Some detox centers will also incorporate holistic detox services into their program. Holistic detox services use natural approaches to help alcohol abusers wean off alcohol. They take part in activities like massage therapy, art therapy, group counseling, individual counseling, and behavioral therapy.
Detox is an important part of any alcohol addiction treatment plan. The main goals of detox are to help those with a drinking problem:
- Ease and soothe withdrawal symptoms
- Cope with the psychological effects of drinking
- Stop drinking without experiencing any painful symptoms
The alcohol detox process usually takes anywhere from 7 to 10 days to complete. This is the length of time that it takes for physical withdrawal symptoms to subside. The psychological symptoms can linger around for months, if not years, to come.
What Types of Medications Are Used in Alcohol Detox?
Depending on each patient, different types of medications are used in alcohol detox. Some medications are approved specifically by the Food and Drug Administration (FDA) for treating alcohol withdrawal symptoms. Other medications are used by rehab centers to treat specific symptoms.
For example, those who have difficulties sleeping may be prescribed sleeping pills for the time being. The sleeping pills will help them get a better quality of sleep, which in turn will make it easier to deal with alcohol withdrawals.
The medications that are approved by the FDA to treat alcohol withdrawal symptoms include:
- Antabuse, otherwise known as disulfiram. This type of medication is used in aversion therapy. Essentially, it makes patients feel sick if they drink alcohol. This is believed to help train patients to associate drinking with unfavorable circumstances and consequences.
- Acamprosate. This medication blocks excitatory neurotransmitters in the brain. As a result, it can reduce alcohol cravings and can also dull a person’s desire to drink.
- ReVia or naltrexone. This medication is also used to treat opioid and opiate withdrawal symptoms. It can help reduce cravings.
Benzodiazepines can also be used to manage alcohol withdrawal symptoms. With that said, those who abuse or misuse benzodiazepines may develop a secondary addiction. They may need additional professional help if that’s the case.
What to Do After Dry January Ends
You’ve been counting down the days and you’ve finally reached day 31! That’s quite an accomplishment. You have every right to be proud of yourself.
So, what’s next? What should you do after Dry January ends?
Well, that’s entirely up to you. If you like how you’ve been feeling after you’ve stopped drinking, then you should really consider continuing your dry spell. Why not? After all, you’ve already proven to yourself that you can.
If you’ve weighed out the pros and cons and decide that a drink here or there isn’t so bad, then you can slowly start adding cocktails back into your life.
Do keep in mind that you should try to limit your drinking. According to the National Institute on Alcohol Abuse and Alcoholism (NIAAA), men should limit their drinking to four or fewer standard drinks a day and no more than 14 drinks in a given week. Women, on the other hand, should limit their drinking to three or fewer standard drinks a day and less than seven drinks a week.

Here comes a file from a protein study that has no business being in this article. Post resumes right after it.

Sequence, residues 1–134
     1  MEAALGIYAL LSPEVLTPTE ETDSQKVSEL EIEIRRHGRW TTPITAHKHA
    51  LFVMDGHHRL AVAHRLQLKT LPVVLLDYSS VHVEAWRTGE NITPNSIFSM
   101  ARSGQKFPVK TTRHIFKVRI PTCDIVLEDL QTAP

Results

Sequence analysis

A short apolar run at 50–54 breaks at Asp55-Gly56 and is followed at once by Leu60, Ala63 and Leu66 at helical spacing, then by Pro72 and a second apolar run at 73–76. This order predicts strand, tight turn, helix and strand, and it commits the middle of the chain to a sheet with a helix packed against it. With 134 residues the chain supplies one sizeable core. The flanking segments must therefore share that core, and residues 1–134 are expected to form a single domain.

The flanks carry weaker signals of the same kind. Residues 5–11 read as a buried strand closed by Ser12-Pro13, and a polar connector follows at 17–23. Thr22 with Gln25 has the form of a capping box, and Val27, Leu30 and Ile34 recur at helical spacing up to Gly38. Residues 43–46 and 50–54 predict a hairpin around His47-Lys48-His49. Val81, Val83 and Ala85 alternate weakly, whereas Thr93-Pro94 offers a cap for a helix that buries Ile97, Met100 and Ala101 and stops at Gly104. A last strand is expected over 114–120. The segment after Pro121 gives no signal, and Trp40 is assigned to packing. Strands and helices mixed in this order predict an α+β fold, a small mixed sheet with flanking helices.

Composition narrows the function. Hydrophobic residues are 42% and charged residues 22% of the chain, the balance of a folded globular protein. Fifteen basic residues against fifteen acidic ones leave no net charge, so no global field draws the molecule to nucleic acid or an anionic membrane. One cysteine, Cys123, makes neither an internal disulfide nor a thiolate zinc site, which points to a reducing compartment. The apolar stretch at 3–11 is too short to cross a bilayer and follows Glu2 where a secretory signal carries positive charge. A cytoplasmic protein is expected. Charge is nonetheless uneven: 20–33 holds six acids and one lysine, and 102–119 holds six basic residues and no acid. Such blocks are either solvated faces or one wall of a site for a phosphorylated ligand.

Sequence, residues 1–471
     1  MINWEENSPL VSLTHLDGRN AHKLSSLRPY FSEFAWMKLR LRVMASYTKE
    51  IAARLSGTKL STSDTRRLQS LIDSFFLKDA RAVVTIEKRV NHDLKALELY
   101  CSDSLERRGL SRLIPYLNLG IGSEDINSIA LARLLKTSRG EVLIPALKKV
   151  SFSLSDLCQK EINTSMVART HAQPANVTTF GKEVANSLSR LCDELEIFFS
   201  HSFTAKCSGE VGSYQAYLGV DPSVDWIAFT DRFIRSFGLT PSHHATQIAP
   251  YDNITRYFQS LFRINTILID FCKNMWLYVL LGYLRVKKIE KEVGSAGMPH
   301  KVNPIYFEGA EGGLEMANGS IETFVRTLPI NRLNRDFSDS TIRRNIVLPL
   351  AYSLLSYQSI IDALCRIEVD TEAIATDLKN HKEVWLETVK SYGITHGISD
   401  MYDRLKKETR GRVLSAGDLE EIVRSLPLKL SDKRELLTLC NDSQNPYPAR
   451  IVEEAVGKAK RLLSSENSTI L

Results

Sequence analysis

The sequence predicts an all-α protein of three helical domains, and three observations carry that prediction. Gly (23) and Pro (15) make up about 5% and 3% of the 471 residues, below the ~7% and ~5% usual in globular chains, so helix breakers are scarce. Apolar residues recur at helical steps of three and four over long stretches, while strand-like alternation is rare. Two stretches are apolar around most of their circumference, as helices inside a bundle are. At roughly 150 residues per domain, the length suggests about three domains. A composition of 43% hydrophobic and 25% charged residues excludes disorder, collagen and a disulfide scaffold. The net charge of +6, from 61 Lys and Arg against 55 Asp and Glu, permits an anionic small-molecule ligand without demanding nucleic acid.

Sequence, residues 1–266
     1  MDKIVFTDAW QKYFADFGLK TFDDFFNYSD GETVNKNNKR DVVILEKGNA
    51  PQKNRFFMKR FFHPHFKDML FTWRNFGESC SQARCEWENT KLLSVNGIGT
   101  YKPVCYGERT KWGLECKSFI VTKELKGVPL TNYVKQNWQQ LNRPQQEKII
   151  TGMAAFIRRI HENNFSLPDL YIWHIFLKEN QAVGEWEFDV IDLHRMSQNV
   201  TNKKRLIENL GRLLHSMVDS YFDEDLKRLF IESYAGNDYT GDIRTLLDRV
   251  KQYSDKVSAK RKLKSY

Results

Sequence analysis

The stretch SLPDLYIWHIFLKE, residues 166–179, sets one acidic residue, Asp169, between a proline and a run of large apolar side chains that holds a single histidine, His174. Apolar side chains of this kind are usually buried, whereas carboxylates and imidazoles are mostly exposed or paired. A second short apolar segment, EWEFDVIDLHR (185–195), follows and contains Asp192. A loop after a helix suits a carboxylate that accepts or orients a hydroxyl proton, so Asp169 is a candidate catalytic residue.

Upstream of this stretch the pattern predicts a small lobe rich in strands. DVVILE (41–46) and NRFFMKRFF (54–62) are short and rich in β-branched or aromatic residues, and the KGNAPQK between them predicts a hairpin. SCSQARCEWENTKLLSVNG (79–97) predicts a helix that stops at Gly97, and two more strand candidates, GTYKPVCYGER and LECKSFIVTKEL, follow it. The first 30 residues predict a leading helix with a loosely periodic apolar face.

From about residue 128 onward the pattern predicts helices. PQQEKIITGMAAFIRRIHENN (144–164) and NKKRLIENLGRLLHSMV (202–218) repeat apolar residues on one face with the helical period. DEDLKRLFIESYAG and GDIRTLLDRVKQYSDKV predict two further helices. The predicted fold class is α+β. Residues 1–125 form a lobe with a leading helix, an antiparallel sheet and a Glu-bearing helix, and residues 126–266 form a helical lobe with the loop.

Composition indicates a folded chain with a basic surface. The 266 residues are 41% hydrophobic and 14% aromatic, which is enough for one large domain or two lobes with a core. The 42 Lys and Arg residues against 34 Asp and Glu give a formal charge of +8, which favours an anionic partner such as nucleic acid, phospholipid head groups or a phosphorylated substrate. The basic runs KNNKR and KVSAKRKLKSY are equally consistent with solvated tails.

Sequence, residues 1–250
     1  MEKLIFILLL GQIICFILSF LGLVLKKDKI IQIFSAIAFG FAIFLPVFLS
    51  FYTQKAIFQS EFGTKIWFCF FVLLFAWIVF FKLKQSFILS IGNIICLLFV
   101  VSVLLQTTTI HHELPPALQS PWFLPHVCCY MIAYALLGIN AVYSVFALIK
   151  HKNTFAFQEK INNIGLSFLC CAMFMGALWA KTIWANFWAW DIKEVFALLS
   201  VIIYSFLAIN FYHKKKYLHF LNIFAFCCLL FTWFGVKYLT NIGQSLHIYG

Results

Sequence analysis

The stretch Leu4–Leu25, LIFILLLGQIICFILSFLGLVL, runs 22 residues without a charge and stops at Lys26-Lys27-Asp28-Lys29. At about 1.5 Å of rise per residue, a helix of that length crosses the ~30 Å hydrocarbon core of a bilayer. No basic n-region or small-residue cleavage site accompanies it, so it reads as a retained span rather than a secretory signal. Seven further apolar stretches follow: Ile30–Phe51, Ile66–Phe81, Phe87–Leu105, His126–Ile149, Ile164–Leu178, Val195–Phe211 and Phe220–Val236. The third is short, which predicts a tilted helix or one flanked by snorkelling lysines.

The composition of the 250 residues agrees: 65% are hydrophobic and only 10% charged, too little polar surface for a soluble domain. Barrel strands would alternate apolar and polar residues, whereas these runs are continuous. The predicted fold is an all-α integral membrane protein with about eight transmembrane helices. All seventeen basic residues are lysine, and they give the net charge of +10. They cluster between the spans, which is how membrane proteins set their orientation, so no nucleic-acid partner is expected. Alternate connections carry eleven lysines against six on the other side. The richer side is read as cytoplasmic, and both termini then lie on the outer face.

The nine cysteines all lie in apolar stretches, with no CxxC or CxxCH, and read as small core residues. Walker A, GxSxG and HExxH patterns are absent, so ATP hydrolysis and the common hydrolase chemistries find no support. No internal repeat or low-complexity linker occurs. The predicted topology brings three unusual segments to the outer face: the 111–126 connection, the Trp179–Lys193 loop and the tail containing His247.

Even if you already drink less than the recommended limit, you may still want to consider drinking less. This is especially true if you saw any health benefits from Dry January.
Spend Some Time to Reflect on the Month
Before you move onto your next goal, take some time to reflect on the month. Consider what went right and what went wrong. More importantly, take this time to reflect on yourself, your relationship with alcohol and your own discipline and willpower.
Dry January might give you a better perspective on yourself. Here are some questions that you should ask yourself:
- Did I see any improvements in my life from abstaining from alcohol?
- Do I have a better understanding of my relationship with alcohol? Am I an alcoholic or do I have symptoms of an addiction?
- What have I learned about myself during this month?
- Have I learned more about my relationship with alcohol? Is it a healthy relationship?
- What difficulties did I face when trying to quit drinking? What actions should I take in order to better myself?
- What did I do well? Was I able to stay motivated and disciplined? If so, how? Can I use the skills that I’ve sharpened in other areas of my life?
Taking some time to reflect will mean that you’ve made the most out of your experience. Dry January is not only about staying away from alcohol. It’s also about learning more about yourself and your skills and tendencies.
You’ll find that you did some things well. You’ll also find that you have room for improvement in other areas.
Try Abstaining for a Month and See Where It Takes You
You don’t necessarily have to have a drinking problem to take part in Dry January. Maybe, you’ve simply noticed that you’ve started to drink more and more. You might just be a recreational drinker and only drink during the weekends. It doesn’t matter.
Dry January can help you better understand your relationship with alcohol. You’ll learn more about yourself in the process. For example, you might figure out that you tend to drink when you’re stressed.
If you’ve been upping your alcohol intake, now is a good time to reset your body and mind. They’ll thank you! A little break from drinking can do wonders for your health.
If you’re like most people, you should be able to get through Dry January without a hitch. Sure, you might be tempted, but you won’t experience any intense withdrawal symptoms.
If you do experience intense withdrawal symptoms, at least you now know that you have a problem. Don’t let your addiction fester. Instead, get help for it as soon as possible.
Here, at Northpoint Recovery, we can help you do just that! If abstaining from alcohol is a lot more difficult than you thought it would be, our experts can assess your situation to determine whether you’re abusing alcohol. We’ll teach you more about addiction and create an individually-tailored treatment plan for you that will help you get back on the right track.